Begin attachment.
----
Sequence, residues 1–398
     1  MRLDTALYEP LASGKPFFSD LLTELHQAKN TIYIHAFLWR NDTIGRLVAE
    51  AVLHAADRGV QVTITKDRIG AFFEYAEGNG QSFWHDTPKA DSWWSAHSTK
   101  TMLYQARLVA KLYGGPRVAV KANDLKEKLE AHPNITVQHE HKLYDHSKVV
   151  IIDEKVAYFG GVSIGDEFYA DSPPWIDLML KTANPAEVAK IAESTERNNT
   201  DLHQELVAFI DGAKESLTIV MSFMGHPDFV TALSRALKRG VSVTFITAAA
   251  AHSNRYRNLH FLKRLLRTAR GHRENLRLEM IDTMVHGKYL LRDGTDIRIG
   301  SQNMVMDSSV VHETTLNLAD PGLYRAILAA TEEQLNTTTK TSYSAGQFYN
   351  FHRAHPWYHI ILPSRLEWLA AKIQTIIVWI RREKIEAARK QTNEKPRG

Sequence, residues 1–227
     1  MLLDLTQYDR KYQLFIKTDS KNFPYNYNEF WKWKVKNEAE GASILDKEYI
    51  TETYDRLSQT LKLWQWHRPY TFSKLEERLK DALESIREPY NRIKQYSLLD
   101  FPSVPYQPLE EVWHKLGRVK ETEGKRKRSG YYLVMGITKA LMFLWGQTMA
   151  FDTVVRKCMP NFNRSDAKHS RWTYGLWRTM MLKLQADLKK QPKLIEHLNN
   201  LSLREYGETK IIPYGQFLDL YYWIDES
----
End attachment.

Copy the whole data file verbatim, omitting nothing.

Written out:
Sequence, residues 1–398
     1  MRLDTALYEP LASGKPFFSD LLTELHQAKN TIYIHAFLWR NDTIGRLVAE
    51  AVLHAADRGV QVTITKDRIG AFFEYAEGNG QSFWHDTPKA DSWWSAHSTK
   101  TMLYQARLVA KLYGGPRVAV KANDLKEKLE AHPNITVQHE HKLYDHSKVV
   151  IIDEKVAYFG GVSIGDEFYA DSPPWIDLML KTANPAEVAK IAESTERNNT
   201  DLHQELVAFI DGAKESLTIV MSFMGHPDFV TALSRALKRG VSVTFITAAA
   251  AHSNRYRNLH FLKRLLRTAR GHRENLRLEM IDTMVHGKYL LRDGTDIRIG
   301  SQNMVMDSSV VHETTLNLAD PGLYRAILAA TEEQLNTTTK TSYSAGQFYN
   351  FHRAHPWYHI ILPSRLEWLA AKIQTIIVWI RREKIEAARK QTNEKPRG

Sequence, residues 1–227
     1  MLLDLTQYDR KYQLFIKTDS KNFPYNYNEF WKWKVKNEAE GASILDKEYI
    51  TETYDRLSQT LKLWQWHRPY TFSKLEERLK DALESIREPY NRIKQYSLLD
   101  FPSVPYQPLE EVWHKLGRVK ETEGKRKRSG YYLVMGITKA LMFLWGQTMA
   151  FDTVVRKCMP NFNRSDAKHS RWTYGLWRTM MLKLQADLKK QPKLIEHLNN
   201  LSLREYGETK IIPYGQFLDL YYWIDES